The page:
Let me see if I understand the logistics of your story. You were in some position in an orthopedic surgeon’s office such that you could hear conversations in three different locations, that being two different examination rooms, and at least a commons room where the doctors speak to one another. If you were a patient, that would involve you being in a third exam room; if not, you were a non-doctor, non-patient allowed access to medically-privileged conversations. Picture the doors, insulation, physical distances, etc. I will assign a probability <0.1 that your story is true. If I'm wrong, then that doctor has a lot more to be concerned about than performing unnecessary surgery: he has violated a number of federal laws, the minimum fine for each patient being $10,000. He has also violated a number of ethical laws for which he could lose his state medical license. If he's the typical orthopedic surgeon, $5000 would not in any way influence whether he could take a trip. You, on the other hand, if you're lying, have only been exposed on a blog post.

    So, I've got to decide which to believe: a person who hasn't got a clue what a week-long trout fishing or whitewater trip in Montana costs, or the imaginary doctor in the story. I'll go with the doctor.

  • http://hanson.gmu.edu Robin Hanson

    Phil, most medical treatments, including most treatments covered by insurance, have no academic-quality clinical studies whatsoever.

  • http://www.iphonefreak.com frelkins

    @Phil Goetz

    Perhaps you recall the famous Business Week cover story in 2006, “Medical Guesswork?”

    “The problem is that we don’t know what we are doing,” [Dr. David Eddy] says. Even today, with a high-tech health-care system that costs the nation $2 trillion a year, there is little or no evidence that many widely used treatments and procedures actually work better than various cheaper alternatives.

    This judgment pertains to a shocking number of conditions or diseases, from cardiovascular woes to back pain to prostate cancer. During his long and controversial career proving that the practice of medicine is more guesswork than science, Eddy has repeatedly punctured cherished physician myths. He showed, for instance, that the annual chest X-ray was worthless, over the objections of doctors who made money off the regular visit.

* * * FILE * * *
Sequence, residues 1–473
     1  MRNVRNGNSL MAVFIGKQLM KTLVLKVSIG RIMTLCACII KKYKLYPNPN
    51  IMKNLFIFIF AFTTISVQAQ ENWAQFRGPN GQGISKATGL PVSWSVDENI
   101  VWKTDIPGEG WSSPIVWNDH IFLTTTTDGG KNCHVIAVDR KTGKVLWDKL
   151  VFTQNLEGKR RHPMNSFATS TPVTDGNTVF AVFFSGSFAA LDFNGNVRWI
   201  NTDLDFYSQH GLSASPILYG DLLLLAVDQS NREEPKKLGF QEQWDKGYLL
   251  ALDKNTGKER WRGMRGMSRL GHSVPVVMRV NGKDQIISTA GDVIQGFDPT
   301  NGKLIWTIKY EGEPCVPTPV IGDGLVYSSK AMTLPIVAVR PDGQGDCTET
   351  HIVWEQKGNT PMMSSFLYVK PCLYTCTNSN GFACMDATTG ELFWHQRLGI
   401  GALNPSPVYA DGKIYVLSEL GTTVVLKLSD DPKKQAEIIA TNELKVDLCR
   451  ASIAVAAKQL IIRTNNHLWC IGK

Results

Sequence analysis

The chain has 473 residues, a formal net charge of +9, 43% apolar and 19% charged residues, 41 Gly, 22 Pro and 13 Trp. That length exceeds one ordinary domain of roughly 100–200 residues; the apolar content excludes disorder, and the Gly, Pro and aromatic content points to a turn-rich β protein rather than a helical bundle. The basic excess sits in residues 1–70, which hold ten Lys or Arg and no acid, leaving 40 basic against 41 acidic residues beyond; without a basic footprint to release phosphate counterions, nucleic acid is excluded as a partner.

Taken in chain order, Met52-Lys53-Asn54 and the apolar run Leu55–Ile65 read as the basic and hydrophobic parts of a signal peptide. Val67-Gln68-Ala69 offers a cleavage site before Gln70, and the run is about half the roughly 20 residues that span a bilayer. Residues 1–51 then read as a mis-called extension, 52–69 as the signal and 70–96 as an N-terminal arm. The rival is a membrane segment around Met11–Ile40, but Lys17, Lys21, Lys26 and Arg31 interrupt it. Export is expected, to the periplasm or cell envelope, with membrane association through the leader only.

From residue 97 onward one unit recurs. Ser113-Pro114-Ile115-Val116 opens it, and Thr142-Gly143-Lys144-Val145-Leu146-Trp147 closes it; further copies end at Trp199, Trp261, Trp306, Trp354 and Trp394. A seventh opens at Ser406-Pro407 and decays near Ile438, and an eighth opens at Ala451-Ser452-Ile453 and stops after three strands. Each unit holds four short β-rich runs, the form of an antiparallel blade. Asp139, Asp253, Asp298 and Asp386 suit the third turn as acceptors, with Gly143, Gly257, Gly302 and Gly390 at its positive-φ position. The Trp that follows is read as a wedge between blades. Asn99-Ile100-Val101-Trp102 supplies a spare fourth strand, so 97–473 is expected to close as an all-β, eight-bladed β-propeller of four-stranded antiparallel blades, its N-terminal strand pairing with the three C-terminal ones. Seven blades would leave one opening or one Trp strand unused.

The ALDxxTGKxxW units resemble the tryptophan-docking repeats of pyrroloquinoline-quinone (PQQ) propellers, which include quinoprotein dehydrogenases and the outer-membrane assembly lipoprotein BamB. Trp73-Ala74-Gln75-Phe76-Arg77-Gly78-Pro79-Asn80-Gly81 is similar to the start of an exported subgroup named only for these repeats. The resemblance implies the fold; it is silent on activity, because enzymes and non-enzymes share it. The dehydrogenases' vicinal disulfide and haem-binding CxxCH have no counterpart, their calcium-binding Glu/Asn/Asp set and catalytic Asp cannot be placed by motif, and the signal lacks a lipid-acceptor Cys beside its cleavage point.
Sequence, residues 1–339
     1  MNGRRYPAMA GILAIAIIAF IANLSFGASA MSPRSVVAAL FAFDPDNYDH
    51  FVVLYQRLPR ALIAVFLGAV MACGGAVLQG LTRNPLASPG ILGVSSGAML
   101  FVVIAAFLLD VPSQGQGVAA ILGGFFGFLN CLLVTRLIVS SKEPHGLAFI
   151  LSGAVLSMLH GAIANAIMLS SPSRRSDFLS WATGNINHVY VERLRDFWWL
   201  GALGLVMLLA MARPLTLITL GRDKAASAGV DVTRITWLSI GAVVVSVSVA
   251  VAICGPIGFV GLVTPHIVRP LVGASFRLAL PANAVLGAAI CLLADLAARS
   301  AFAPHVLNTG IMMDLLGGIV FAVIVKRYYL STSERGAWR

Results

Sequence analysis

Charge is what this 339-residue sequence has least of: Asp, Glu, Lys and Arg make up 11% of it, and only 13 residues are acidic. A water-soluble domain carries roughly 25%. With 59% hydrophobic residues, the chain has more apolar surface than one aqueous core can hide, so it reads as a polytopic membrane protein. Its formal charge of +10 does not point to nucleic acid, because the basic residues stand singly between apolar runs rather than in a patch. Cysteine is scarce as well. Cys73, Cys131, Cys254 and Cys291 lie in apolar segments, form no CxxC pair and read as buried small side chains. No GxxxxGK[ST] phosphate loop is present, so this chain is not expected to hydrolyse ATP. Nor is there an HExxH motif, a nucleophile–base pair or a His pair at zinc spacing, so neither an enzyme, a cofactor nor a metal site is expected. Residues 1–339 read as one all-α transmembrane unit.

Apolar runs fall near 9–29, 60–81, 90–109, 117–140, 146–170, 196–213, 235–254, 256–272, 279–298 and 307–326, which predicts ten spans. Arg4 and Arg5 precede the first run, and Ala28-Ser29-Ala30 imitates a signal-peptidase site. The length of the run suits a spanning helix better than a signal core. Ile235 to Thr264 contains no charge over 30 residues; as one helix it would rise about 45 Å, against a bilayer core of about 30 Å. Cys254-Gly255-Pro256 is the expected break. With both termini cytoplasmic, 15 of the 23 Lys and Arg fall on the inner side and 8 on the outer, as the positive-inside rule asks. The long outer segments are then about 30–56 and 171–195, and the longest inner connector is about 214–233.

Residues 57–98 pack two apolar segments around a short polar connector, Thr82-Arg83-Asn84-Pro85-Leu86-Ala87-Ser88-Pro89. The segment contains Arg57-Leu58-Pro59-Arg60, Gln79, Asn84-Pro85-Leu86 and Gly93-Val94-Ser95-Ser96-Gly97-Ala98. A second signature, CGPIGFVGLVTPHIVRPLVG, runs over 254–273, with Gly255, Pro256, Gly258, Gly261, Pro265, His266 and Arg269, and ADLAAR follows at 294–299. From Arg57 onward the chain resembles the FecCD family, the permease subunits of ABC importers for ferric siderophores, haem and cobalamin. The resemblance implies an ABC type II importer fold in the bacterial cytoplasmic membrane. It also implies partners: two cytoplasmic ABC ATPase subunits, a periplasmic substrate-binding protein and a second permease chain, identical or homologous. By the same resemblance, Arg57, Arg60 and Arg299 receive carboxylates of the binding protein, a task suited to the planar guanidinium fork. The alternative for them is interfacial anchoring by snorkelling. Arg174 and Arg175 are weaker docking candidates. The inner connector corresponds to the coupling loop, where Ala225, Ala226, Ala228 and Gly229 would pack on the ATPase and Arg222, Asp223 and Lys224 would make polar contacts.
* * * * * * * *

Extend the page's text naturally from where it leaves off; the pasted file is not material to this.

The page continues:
He proved that doctors had little clue about the success rate of procedures such as surgery for enlarged prostates. He traced one common practice — preventing women from giving birth vaginally if they had previously had a cesarean — to the recommendation of one lone doctor. Indeed, when he began taking on medicine’s sacred cows, Eddy liked to cite a figure that only 15% of what doctors did was backed by hard evidence.”

    http://www.businessweek.com/magazine/content/06_22/b3986001.htm

  • Douglas Knight

    retired urologist:
    If I’m wrong, then that doctor has a lot more to be concerned about than performing unnecessary surgery

    really? How often are these laws violated? enforced? It’s hard for me to reconcile that claim with the signs in the elevators asking doctors not to talk, but I would like to know rates.

  • http://www.hopeanon.typepad.com Hopefully Anonymous

    I think it’s a reasonable possibility both that Phil Goetz is lying and that much of conventional medical spending is ineffective signalling to show people care and to allay patient fears.

    No one else here is interested in where this is situated on an overall heirarchy of correctible economic waste due to bias?

  • http://drchip.wordpress.com/ retired urologist

    @Douglas Knight

    I’m amazed that the general public has no knowledge of the laws involving medical regulation. Did you think we were free to do whatever, like in a democracy?

  • http://zbooks.blogspot.com Zubon

    I’m amazed that the general public has no knowledge of the laws involving medical regulation.

    The general public presumably has some idea that the medical profession is regulated. That is about as specific as it gets. We might have some idea about doctor-patient confidentiality and the Hippocratic Oath. That’s about it. Really fancy folks have heard of HIPAA. I assume the average person also thinks that there are too few regulations, that doctors are robbing people blind, and that there oughta be a law against those waiting room times, although I have no polling data on that so [citation needed].

    I work with traffic records. Off the top of your head, can you think of any regulations dealing with those? Who can access them, whether companies can buy them for mailing lists, what your insurers can get, what an officer can see if you are stopped…? p>0.95 that you have been or will be in a crash. But the regulations are not that important to you unless something goes catastrophically wrong.

  • Jor

    I eagerly await Robin’s first post lamenting the fact that health economists are the ones that setup the incentive system that promotes marginally useful procedures over conservative management. So, before we just blame physcian’s for performing these procedures — remember it is economists who decided these are the most economically valuable.

  • Douglas Knight

    retired urologist,
    why should I care what the laws are, when I know that they’re continually being violated? Those very signs tell me what some of the laws are; but they also tell me that someone thinks the laws are so widely violated that the signs are useful. I’m saddened that you profess outrage when we question the sanctity of the medical profession. I can only try to eliminate all influence you’ve had on my beliefs about medicine, but I’m afraid I’m permanently tainted.